Please do not post algebra problems in the wrong subforum, head over to the pre university forum, and post this problem in the algebra section.
You will also get quicker results.
*tip: use latex, your question is very confusing.
Hi everyone. I have a question that is troubling me.
Let's have a rational function, for example Q(x)/P(x), and decide for some reason to decompose it into a lovely sum of constants over expressions of the type (x-a). We work in real numbers, and P is decomposable in R.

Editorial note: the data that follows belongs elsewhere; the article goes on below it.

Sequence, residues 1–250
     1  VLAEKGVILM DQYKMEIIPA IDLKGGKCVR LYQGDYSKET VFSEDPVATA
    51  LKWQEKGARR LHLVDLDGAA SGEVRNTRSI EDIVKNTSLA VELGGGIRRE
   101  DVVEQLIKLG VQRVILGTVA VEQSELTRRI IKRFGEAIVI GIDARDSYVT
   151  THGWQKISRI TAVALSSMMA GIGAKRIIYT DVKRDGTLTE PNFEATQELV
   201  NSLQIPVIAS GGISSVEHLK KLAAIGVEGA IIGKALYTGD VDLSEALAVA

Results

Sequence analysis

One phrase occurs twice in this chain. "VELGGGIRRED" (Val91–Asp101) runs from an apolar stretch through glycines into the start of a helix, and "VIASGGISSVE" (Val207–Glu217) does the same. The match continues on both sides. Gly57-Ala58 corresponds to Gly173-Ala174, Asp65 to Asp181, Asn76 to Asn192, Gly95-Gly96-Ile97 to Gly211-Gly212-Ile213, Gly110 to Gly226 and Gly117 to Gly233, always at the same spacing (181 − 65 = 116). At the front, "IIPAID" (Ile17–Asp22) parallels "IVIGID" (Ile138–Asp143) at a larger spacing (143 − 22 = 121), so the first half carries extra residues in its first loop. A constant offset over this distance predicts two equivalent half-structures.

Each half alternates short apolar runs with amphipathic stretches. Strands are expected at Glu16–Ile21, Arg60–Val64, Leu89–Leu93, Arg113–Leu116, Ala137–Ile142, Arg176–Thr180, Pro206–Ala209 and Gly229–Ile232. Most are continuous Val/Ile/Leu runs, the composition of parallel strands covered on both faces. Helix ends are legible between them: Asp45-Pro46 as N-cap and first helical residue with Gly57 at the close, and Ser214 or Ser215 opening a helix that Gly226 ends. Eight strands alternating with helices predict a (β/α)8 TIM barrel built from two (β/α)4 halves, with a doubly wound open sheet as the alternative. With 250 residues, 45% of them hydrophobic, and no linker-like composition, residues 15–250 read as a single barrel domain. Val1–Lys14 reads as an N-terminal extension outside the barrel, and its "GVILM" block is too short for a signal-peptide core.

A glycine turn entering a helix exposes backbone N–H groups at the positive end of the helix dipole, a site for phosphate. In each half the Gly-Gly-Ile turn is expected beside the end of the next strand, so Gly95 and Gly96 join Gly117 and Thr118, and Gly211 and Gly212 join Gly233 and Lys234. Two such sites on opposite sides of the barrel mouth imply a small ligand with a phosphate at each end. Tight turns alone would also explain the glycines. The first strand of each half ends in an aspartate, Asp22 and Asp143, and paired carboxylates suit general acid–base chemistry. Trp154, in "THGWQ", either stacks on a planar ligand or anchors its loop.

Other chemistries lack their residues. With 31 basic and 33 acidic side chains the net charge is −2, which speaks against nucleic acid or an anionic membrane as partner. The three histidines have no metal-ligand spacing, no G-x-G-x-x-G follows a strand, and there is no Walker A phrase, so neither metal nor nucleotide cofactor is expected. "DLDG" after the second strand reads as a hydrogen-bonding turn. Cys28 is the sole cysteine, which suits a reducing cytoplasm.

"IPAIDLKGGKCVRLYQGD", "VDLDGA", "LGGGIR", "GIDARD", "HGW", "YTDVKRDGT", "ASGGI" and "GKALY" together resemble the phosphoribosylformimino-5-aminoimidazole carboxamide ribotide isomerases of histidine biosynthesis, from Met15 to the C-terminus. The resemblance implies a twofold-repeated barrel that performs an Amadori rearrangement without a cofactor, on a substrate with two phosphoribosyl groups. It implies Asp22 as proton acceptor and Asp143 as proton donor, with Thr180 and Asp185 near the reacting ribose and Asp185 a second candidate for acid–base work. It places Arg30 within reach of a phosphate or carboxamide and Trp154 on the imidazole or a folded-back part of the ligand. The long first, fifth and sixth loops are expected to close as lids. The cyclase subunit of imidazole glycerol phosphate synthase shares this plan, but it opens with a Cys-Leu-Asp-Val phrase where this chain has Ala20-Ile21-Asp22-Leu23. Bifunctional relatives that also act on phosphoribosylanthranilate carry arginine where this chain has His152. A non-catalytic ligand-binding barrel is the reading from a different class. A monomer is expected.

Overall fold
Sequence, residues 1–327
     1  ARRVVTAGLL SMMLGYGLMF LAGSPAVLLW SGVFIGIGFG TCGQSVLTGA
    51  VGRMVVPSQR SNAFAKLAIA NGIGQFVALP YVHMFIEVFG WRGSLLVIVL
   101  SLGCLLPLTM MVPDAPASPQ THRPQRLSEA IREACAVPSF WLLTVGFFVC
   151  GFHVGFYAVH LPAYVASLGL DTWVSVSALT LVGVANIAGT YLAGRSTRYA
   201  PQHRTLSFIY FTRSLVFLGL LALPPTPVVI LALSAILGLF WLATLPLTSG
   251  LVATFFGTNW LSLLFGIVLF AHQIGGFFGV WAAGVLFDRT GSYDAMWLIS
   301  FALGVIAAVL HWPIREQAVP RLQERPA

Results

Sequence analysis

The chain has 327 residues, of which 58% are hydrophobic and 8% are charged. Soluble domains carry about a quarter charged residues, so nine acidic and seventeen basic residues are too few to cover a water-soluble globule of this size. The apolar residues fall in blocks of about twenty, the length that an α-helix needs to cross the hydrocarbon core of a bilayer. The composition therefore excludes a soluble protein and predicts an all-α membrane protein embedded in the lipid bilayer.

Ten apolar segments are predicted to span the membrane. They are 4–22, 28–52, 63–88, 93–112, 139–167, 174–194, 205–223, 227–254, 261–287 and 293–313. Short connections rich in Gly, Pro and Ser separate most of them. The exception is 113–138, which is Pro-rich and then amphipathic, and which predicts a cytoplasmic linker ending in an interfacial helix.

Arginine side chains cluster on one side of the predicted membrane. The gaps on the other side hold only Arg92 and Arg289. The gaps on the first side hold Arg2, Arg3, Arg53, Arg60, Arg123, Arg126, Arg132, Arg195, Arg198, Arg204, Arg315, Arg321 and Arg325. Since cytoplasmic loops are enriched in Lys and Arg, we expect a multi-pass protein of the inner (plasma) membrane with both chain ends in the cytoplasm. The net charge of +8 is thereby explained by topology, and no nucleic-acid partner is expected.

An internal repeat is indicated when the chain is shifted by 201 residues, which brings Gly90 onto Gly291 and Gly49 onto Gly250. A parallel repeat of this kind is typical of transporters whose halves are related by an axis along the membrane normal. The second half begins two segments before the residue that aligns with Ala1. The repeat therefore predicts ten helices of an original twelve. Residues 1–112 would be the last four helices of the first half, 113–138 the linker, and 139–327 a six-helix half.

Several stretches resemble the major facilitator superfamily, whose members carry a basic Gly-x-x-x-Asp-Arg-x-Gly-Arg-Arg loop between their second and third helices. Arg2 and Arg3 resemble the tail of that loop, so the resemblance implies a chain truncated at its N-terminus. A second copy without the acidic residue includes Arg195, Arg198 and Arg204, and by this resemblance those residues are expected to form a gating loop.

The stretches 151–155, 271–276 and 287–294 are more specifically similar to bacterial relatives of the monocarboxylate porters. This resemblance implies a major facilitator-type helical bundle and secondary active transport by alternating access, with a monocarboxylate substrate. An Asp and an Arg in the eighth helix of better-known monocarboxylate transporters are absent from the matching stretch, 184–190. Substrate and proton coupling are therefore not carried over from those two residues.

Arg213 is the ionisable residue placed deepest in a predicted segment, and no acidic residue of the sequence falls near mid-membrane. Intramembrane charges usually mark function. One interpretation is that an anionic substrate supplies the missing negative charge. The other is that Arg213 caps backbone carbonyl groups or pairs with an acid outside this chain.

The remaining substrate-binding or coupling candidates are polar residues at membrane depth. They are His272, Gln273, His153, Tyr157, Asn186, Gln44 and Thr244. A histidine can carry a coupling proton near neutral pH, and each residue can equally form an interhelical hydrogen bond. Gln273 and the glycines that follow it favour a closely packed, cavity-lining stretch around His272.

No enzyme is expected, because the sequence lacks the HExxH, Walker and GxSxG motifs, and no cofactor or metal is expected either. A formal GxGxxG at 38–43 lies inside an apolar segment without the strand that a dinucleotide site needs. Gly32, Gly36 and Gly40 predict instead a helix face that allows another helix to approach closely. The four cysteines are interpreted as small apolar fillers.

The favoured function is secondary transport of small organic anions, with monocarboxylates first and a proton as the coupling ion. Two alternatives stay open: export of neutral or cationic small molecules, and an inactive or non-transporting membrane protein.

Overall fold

Q(x)/P(x) = A/(x-a) + B/(x-b) ... etc
So people tell me that now we multiply by P(x), make Q(x) = A* [P(x)/(x-a)] + B * [P(x)/(x-b)] ... ,
then suppose x = a (that is in order to eliminate the term including A) and so on.
How come we multiply by (x-a) but don't say that a is a prohibited value for x?
Please do not post algebra problems in the wrong subforum, head over to the pre university forum, and post this problem in the algebra section.
You will also get quicker results.
*tip: use latex, your question is very confusing.